My Christmas Eve cast on: 
 Our festive jigsaw. This one wasn't new; we did it a couple of years ago, but J was here at the time and it was finished before we could blink!
 Our Christmas day walk through Bagnor, ending up at Donnington Castle:
 Hamish toasting himself in front of the stove:
 My birthday picnic. I say that L had 2 weeks off for Christmas - actually, the only day that she had something booked in court was on my birthday. It also happened to be in Hastings (4 hours by train!). I got up early, prepared her a packed lunch and dropped her off at the station. We had decided to celebrate the following day, so E settled down for some revision and R decided we should go for a quick drive in Bridget. We packed a picnic, left E a sandwich and set off for an hour. It wasn't particularly sunny, but it was so lovely to get out and blow away a few cobwebs.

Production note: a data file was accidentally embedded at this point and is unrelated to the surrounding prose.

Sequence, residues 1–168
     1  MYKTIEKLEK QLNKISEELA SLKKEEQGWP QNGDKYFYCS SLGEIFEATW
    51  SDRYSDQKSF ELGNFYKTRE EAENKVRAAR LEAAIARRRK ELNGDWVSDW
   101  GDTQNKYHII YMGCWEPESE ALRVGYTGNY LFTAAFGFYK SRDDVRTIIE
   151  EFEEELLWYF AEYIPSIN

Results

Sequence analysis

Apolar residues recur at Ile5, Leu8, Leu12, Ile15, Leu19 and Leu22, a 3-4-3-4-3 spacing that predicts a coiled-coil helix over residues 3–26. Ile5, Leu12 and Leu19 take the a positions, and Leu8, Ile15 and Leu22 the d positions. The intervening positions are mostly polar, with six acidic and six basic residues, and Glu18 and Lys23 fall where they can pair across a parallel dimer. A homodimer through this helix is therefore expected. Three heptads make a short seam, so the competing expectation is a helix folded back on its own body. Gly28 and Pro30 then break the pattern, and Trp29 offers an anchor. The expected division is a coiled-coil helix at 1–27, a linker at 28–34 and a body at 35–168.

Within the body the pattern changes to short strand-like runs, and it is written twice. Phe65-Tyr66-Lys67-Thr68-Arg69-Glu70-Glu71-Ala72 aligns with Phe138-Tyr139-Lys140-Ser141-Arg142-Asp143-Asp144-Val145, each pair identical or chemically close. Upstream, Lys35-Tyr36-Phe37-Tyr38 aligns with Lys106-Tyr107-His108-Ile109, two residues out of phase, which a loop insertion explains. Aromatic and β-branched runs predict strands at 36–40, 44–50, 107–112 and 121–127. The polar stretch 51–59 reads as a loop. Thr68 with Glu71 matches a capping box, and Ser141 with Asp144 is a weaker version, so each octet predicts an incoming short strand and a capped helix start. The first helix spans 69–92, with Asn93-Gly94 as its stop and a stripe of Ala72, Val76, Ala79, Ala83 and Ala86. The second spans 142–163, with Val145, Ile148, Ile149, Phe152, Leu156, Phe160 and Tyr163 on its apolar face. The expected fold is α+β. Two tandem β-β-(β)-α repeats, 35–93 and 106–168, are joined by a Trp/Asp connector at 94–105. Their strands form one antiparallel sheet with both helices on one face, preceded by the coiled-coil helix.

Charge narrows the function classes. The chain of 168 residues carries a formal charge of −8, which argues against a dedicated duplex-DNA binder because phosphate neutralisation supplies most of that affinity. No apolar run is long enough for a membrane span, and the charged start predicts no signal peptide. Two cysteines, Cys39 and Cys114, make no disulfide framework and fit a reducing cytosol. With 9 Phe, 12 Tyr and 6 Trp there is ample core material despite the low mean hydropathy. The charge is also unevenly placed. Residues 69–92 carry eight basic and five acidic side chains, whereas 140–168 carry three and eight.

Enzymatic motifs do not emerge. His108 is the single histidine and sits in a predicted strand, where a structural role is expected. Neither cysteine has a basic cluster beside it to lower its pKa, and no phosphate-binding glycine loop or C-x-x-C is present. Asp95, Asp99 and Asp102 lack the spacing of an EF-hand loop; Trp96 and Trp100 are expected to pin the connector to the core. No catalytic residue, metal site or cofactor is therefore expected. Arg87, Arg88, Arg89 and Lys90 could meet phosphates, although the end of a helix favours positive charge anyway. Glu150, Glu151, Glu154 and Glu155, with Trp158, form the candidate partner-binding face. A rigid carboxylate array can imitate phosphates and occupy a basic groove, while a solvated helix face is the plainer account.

When we arrived home, L phoned. She had got as far as London (and luckily hadn't boarded the Hastings train) when the solicitor called to say that the case had been postponed as the judge was ill. She popped into her flat to drop off some stuff and then came straight home again. We therefore managed to celebrate my birthday on the day itself. There was bowling:
 ...... and a trip to the cinema. I loved this: